Spring Bloom

Last of the Almond Light
A rich coral sunset casts the last of its light on this graceful branch of an almond tree.

A cool blue evening and a rich coral sunset provide the setting for this graceful branch in “The Last of the Almond Light.”

Spring has sprung!
A few days ago, I knew that spring was really here to stay when I noticed tiny spots of young spring green on the local grapevines. But in truth, spring has been teasing us for weeks now.

It began in February with the almond trees. It wasn’t like this last year, my first in the area. Last year, the flowers began to appear in January, were quickly hit with a hard frost, and that was the end of the almond bloom. This year, the trees waited a full month longer, and wow, did they put on a show. I’ve never lived near almond trees, and I felt like a kid in a candy shop; I didn’t know which way to look, and it kept getting better. One day I was out driving, and I realized that the fields and hills were dotted with what appeared to be little puffballs, soft white with a hint of pink. Everywhere I turned, puffballs. It was the almond trees, in full bloom, and it was enchanting.

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Carnaval 2019

Lynne and Maryse
With my friend Maryse at the end of the Carnaval parade, 2019.


When I was in high school, one of my favorite times of the school year was Homecoming. A big dance, a football game, cheerleaders, the queen and the king, the marching band… And the parade. Every class created a float for the homecoming parade, and my class was pretty darn good at making floats. We’d get together to come up with ideas and after that we’d sketch out designs; the fun really began once we were ready to start building that float. Every year, for four years, we built our float at Cami’s house, because her family had the absolutely perfect float-building setup. For a few weeks, we’d all go there after school and on the weekends, to socialize and put things together and socialize and paint and socialize. Those were golden moments wrapped in fun and problem-solving and hard work, and I remember all of it with great fondness.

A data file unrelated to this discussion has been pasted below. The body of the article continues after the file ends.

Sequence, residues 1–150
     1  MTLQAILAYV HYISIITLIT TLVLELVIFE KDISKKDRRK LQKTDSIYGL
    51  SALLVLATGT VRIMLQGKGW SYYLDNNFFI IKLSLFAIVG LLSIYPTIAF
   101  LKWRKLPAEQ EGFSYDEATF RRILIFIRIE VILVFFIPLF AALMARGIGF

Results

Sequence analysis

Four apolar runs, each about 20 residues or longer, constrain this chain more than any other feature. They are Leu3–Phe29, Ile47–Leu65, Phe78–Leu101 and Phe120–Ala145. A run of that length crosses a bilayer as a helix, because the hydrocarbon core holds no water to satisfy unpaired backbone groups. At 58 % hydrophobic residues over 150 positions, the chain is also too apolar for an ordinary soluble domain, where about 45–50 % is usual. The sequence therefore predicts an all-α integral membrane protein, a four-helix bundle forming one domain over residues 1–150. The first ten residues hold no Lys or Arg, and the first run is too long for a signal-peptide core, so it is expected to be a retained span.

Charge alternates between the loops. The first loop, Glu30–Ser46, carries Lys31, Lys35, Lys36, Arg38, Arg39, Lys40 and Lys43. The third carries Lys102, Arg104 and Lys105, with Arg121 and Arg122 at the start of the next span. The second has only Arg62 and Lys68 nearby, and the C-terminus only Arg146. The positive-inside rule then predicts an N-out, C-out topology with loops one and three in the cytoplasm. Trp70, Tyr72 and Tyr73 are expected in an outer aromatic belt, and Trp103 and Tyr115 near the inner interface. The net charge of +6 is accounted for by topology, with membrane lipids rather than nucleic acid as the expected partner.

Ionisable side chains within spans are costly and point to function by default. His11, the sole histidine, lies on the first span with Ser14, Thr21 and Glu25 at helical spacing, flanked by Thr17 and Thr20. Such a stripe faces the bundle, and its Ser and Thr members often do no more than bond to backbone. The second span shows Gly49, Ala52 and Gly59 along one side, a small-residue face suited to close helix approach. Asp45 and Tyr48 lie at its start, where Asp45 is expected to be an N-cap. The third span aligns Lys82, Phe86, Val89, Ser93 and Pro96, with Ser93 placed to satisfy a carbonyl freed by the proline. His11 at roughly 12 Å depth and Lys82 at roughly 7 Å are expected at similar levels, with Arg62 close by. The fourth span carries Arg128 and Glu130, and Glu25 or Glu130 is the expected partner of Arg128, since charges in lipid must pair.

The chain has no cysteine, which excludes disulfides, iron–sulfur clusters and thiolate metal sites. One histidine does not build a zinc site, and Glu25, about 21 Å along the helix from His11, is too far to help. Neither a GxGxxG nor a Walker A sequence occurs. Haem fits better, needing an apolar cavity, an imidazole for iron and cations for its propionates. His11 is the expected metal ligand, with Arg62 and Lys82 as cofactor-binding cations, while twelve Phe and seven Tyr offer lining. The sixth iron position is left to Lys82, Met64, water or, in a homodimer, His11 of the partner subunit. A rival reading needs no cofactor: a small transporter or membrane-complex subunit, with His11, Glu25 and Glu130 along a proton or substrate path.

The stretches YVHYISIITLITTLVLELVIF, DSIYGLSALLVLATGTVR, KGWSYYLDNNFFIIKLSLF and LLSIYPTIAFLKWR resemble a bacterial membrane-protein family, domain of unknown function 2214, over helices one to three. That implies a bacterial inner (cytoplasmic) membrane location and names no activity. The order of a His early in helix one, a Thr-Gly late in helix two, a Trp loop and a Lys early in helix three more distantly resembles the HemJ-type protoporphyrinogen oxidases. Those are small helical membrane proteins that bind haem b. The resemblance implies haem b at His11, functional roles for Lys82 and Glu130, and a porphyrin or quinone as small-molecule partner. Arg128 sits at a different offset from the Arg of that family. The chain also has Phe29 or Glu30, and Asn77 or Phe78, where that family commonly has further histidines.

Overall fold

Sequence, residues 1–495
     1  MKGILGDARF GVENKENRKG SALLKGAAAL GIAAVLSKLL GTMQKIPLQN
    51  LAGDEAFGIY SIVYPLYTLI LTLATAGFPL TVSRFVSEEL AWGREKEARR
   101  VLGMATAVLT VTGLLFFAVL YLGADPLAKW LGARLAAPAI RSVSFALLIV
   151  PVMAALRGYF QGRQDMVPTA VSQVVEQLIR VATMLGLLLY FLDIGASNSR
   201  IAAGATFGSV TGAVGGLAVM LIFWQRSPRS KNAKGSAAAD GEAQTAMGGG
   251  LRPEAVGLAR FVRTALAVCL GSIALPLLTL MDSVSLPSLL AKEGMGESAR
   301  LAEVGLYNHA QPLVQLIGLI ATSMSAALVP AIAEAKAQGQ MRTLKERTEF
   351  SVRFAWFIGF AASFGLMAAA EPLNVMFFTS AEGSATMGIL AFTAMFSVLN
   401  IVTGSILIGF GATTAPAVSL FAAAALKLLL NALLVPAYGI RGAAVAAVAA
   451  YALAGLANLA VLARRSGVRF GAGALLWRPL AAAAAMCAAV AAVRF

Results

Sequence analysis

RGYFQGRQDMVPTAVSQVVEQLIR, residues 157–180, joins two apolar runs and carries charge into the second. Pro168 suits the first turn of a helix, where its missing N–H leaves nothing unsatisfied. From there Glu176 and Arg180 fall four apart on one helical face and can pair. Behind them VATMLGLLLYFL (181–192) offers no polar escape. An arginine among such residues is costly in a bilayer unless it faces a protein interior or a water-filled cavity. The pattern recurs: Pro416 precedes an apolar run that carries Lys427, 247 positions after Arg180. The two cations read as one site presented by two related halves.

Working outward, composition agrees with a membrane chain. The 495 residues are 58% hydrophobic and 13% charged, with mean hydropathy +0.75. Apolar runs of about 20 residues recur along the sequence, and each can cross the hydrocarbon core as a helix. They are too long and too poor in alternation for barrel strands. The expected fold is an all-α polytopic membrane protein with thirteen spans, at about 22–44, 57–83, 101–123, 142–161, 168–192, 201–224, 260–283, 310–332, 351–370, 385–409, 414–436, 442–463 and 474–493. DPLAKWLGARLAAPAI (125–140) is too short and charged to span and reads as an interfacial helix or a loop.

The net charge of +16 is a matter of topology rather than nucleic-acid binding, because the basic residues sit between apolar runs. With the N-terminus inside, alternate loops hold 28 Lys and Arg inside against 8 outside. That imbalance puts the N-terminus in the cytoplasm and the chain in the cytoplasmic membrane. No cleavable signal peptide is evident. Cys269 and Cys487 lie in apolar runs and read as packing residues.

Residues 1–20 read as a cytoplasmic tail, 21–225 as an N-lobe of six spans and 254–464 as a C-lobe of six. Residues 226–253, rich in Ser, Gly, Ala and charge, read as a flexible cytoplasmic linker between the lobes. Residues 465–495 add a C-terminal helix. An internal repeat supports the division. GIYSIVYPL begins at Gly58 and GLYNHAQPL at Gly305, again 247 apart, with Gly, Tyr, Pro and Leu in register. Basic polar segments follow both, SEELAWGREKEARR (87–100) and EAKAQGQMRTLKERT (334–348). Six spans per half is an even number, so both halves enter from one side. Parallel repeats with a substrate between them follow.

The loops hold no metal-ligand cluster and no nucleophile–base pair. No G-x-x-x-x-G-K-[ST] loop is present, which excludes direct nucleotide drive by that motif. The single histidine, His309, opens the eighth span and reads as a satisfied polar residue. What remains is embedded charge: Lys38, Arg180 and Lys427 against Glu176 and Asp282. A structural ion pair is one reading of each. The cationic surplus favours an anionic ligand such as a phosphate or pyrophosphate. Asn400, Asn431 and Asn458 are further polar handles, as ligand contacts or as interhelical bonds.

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Good day to you

I’ve had two especially enjoyable walks lately, and I’d like to share them with you. These were walks that had not so much to do with the location, and everything to do with the people I met along the way. I do believe that a place informs its people, but today I’ll just talk about the folks I got to meet.

And I’ll pepper this post with photographs from various walks and hikes I’ve enjoyed this summer.

3 Olives
Baby olives, still a couple of months away from harvesting.

Let’s begin with the time I set out on a fresh morning, enjoying air that felt noticeably cooler than it had in many weeks. It was bliss. My usual walk takes me out of town past the cemetery, and on this day I passed two teenage boys walking with their grandfather. Perhaps they strolled to the cemetery? These boys are two of the nicest teenagers I’ve ever met, always stopping to say “bonjour” to me, even long before we officially met and learned each others’ names. (In this town, kids stop what they’re doing to say bonjour, which delights me to no end.) I had never before met their grandfather, but he was eager for a bonjour, too, and he commented on my “determined” gait.

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